Some doctors say people who are overweight (body-mass index, or BMI, of 25 to 29.9) or obese (BMI above 30) will face health issues, regardless of how often – or fast – they run.
But some studies show that heavy people who exercise can be cardiovascularly healthy and may live longer than their sedentary but skinny peers.
We asked two experts to, ahem, weigh in.
Dr Glenn Gaesser, director of the Healthy Lifestyles Research Centre at Arizona State University, says yes, you can be fit and fat.
Dr Amy Weinstein, an assistant professor at Harvard Medical School who studies the impact of obesity and exercise on disease, disagrees. Here’s why.
Pro: Virtually every weight-related health problem can be greatly improved or cured with a moderate level of exercise, even if you’re overweight. The amount of exercise necessary to achieve a fitness level that greatly reduces disease and mortality risk is the equivalent of brisk walking for 30 minutes a day, five days a week, or running 20 to 30 minutes a day, three days a week.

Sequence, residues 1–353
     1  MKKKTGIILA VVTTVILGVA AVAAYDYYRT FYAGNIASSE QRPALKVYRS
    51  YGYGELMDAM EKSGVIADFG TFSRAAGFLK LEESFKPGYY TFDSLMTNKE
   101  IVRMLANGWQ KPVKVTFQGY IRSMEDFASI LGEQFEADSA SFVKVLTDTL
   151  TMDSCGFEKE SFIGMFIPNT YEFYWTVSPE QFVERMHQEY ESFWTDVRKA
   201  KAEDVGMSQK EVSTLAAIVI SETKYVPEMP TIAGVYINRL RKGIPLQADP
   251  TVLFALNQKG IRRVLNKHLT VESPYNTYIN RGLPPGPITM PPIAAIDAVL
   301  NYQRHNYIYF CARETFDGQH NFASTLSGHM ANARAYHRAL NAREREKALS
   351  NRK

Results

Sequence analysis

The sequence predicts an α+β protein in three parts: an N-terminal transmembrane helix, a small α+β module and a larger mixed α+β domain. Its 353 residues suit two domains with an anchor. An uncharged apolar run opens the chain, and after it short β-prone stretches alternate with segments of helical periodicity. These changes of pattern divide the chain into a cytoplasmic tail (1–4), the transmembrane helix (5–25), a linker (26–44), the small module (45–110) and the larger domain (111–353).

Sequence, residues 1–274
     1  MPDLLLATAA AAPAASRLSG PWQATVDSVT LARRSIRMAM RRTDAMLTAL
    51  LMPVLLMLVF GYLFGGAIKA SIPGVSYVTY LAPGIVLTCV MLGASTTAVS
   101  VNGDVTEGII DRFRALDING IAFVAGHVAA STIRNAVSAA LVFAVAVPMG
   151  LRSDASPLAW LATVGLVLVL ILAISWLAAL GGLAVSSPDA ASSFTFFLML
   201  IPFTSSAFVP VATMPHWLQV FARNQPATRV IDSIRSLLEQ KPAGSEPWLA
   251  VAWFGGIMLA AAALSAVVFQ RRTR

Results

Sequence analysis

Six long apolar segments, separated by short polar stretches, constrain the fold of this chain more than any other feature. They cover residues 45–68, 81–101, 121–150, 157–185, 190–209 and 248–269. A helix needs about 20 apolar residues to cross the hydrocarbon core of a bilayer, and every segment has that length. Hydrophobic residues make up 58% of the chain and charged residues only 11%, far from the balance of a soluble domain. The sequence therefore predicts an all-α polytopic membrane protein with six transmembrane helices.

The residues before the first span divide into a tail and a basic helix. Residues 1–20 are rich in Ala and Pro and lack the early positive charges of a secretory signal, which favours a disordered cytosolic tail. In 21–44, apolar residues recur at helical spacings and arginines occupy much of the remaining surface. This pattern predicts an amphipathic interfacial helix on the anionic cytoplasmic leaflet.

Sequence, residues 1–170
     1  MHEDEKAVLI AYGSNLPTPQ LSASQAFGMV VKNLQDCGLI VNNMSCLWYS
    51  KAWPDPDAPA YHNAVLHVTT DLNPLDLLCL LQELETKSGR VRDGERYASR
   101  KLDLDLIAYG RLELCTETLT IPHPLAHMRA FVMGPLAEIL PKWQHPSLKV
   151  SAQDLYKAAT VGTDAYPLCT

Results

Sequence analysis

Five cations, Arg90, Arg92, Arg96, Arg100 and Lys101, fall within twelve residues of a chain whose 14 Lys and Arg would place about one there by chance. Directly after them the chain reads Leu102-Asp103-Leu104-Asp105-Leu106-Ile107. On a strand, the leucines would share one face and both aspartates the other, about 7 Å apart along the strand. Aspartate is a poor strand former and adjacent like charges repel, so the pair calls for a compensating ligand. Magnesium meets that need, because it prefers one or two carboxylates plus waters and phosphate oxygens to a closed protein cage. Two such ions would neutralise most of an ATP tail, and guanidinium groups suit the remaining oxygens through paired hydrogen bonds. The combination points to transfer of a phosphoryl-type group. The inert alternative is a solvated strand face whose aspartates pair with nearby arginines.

Con: Based on research I’ve seen and studies I’ve performed, it appears that physical activity cannot completely reverse the ill effects of carrying excess weight on diabetes and cardiovascular disease. The reason for this is unclear. There may be hormones and proteins that regulate weight and affect chronic diseases, which physical activity cannot reverse.
Is it possible to be overweight and healthy?
But can a butterball really outrun a lean machine?
Do heavy runners get injured at the same rate as thin runners?
Should runners disregard age-related weight gain?
Is consuming fewer kilojoules the best way to lose weight?
Do the benefits of exercise matter more than losing weight?
So is it more important to exercise than to lose weight?